By Heather Kelly, CNN
Personal 3-D printers may sound like a pricey luxury or a niche product for geeks, but soon they could become a household appliance that saves people thousands of dollars a year.
Researchers at Michigan Technological University conducted a study to find out how much a family might save by printing common objects, such as simple replacement parts or toys, at home instead of buying them in stores or online.
"It was relatively shocking what the return on investment was," said associate professor Joshua Pearce, who led the study. "Realistically, it's in the thousands."
Much of the recent 3-D printer hype has focused on how the technology is going to revolutionize the manufacturing industry or what cool things it can create -- human organs, duck feet, see-through hermit crab shells shaped like cities. But it's the small, mundane objects that could have the most immediate impact on wallets. (Especially if you print your own wallet.)
Printing 3-D objects does require a big upfront investment. Current desktop 3-D printers cost between $350 to $2,000. For the study, researchers used a $575 RepRap printer and selected 20 free 3-D designs that were available online.
Their calculations didn't take into account shipping costs or sales tax associated with buying from a retailer. The researchers say they did that to keep the estimates for the study on the conservative end.
"We assumed the average family would only make 20 items a year, which is silly because if you get one of these you'll make 20 items in one weekend," said Pearce.
The MakerBot Replicator 2 is one of the more popular desktop 3-D printers.
After printing all 20 objects, the researchers tallied the cost of plastic and electricity needed to make each and compared it to the low- and high-end versions of the same product from retailers. For example, a shower head costs $2.53 to make on the 3-D printer (3 cents for electricity, $2.50 for plastic). A comparable model costs anywhere from $8 to $437 at a store.
According to the study, the biggest savings were with objects that could be customized, like orthotic insoles for shoes. A custom insole can cost $500 to $800 from a retailer, but someone could create an insole on a 3-D printer for about $2. It does take more skill -- and advanced equipment, like a 3-D scanner -- to create the custom shape, but once you have the optimal design it's simple to produce multiple copies with no additional effort.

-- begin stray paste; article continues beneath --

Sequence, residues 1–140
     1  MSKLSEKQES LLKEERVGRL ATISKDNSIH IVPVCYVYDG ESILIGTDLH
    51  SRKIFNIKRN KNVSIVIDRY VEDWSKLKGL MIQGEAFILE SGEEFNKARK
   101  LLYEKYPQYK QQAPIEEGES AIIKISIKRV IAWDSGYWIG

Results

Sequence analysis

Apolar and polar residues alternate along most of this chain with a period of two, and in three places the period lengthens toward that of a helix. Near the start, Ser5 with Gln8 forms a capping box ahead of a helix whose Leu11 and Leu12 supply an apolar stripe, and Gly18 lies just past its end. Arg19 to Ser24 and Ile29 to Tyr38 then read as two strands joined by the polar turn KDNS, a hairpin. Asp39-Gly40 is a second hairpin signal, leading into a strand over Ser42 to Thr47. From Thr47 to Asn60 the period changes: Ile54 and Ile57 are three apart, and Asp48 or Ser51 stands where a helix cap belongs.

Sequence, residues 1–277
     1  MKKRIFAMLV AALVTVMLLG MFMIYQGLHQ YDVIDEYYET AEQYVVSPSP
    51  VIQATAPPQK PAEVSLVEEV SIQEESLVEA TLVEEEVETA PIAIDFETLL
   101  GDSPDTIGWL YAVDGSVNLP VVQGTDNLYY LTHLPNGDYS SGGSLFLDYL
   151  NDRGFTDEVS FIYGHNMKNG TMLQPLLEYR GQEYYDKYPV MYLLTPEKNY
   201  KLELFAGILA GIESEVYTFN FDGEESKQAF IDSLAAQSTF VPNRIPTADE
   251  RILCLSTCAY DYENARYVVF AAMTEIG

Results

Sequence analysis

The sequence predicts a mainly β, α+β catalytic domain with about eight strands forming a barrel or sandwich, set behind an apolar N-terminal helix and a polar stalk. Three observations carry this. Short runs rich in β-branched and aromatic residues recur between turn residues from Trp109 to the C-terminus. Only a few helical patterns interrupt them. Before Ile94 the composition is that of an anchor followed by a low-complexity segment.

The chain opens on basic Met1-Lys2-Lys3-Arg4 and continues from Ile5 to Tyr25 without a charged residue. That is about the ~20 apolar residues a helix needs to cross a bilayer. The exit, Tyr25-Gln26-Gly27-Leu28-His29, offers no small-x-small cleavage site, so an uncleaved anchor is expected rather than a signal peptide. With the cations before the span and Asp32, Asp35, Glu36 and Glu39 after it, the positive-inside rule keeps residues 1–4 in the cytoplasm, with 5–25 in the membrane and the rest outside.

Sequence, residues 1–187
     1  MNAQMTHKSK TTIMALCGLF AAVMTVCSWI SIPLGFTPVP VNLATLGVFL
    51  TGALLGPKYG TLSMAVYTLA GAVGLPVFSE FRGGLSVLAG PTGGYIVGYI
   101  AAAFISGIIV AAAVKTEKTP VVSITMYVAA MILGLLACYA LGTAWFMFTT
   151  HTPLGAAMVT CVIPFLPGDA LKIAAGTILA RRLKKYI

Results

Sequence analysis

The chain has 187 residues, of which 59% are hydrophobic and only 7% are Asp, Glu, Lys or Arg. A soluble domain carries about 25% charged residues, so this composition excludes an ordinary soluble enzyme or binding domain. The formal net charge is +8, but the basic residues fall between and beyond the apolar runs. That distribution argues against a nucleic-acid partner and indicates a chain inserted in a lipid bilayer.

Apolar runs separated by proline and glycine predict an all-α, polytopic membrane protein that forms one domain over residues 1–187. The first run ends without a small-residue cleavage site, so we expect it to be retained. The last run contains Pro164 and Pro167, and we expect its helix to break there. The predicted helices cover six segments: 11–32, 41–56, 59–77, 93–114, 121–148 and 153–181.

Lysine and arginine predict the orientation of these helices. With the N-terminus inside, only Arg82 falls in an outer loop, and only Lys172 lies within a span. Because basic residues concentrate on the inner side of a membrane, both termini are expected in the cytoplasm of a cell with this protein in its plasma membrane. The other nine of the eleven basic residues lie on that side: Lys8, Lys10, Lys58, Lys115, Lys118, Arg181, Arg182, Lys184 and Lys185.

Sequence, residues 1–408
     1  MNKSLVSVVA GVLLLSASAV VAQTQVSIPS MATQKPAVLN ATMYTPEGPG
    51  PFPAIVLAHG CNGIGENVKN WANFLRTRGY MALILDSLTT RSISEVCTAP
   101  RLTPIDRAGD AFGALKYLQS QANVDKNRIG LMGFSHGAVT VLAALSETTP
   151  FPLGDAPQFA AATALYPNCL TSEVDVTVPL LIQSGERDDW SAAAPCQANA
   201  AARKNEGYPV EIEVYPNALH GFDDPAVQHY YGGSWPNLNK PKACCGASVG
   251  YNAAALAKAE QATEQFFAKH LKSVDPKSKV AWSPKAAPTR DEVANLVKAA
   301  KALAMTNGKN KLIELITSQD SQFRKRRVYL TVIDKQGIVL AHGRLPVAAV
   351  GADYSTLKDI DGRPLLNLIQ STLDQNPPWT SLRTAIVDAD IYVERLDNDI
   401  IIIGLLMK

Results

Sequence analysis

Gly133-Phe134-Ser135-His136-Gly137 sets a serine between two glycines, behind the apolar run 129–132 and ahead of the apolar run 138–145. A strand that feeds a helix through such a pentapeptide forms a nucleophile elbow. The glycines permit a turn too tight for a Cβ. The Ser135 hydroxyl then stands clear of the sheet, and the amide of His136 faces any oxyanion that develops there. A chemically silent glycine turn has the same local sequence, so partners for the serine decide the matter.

The team printed a variety of doodads for the study, including an iPhone case, garlic press, safety razor, perogi mold and spoon holder. Smaller mass-produced objects saved the least amount of money -- a dozen 3-D printed shower rings cost $1.20 to print and $2.99 to purchase from a store. The iPhone 5 case cost 27 cents to print, a huge improvement over the inflated $20 price tags found in Apple Stores and other retailers.
Printing all 20 objects took about 25 hours and cost a grand total of $18 in plastic and electricity. The savings came out to between $294 and $1,926, depending on the quality of the comparable retail products.
Free open-source files are a key part of keeping 3-D printing costs low. There are online databases of designs, like Thingverse, that anyone can download and create with printer at home. If you pay for a 3-D design or invest time in making your own, the cost per object will go up.
Pearce says replacement parts will be a major category for personal 3-D printers. Customization will be another big trend in the future, as people turn to these printers to create things they can't find at a Wal-mart. The types of printable materials will expand as well. Right now you can only print a plastic smartphone case, but in the next year you should be able to print a case with an antenna in it. After that, whole circuit boards for the phone.
And desktop 3-D printers wouldn't just save cash; they could also help save the environment by cutting down on packaging and pollution from transportation.
The technology of 3-D printing has improved in recent years. Higher-end models can be used by anyone with minimal set up and training, and using pre-made files means you don't have to know how to create a 3-D design. Improved software is already making it easier to customize those designs with an easy-to-use interface.
Instead of a 3-D printer in every living room, Pearce can also see local stores setting up 3-D printers. The cost to consumers would be slightly higher, but they wouldn't need to buy a printer -- and that paper-towel holder will still be cheaper than a retail model.